You're entitled to a minimum Social Security benefit – if you've worked long enough

Social Security helps tens of millions of retirees get income after the end of their careers, and the program's beneficial impact on poverty rates among the elderly has been noteworthy.

By itself, the average monthly retirement benefit of around $1,400 is enough to keep income above the poverty level for a single retiree, and it comes just shy of the poverty level for a household with two people. Given how a large percentage of Social Security recipients rely on the benefits the program provides for the vast majority of their total income, Social Security's impact continues to be vital in fighting poverty.

However, not everyone gets that $1,400 average monthly benefit, and some believe that the federal government can do more to ensure that everyone stays out of poverty in retirement. Much of that discussion centers on Social Security's minimum benefit provision – a feature that has lost almost all of its power over the years but that could make a comeback if some lawmakers have their way.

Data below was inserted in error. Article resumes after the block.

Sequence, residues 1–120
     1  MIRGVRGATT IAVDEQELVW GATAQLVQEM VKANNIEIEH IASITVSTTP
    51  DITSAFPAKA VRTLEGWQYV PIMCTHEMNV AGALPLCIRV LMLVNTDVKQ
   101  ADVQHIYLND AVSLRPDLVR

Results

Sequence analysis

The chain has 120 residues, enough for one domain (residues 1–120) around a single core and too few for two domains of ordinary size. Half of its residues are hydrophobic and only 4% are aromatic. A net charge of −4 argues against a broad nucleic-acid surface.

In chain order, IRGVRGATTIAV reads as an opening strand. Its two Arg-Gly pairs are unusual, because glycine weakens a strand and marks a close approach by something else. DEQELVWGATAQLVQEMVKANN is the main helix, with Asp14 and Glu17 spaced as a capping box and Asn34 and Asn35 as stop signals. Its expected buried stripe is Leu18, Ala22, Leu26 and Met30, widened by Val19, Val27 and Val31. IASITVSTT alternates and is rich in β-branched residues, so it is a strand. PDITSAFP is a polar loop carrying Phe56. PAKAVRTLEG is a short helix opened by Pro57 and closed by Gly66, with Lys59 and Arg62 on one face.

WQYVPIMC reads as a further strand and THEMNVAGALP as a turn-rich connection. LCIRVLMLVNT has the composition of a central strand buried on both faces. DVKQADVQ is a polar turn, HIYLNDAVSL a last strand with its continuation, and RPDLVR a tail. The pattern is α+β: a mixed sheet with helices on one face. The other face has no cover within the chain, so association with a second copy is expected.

Basics of Social Security's minimum benefit

Social Security's special minimum benefit offers an alternative way for recipients to calculate their benefits. The idea is to offer a higher number to certain low-income participants than the traditional benefit formula would produce, resulting in bigger monthly checks.

A worker has to have at least 11 years of earnings to qualify for the special minimum benefit, with a minimum amount earned each year. That minimum gets changed every year based on inflation. For 2019, a person would have to earn at least $14,805 to get credit for the year for special minimum benefit purposes. 

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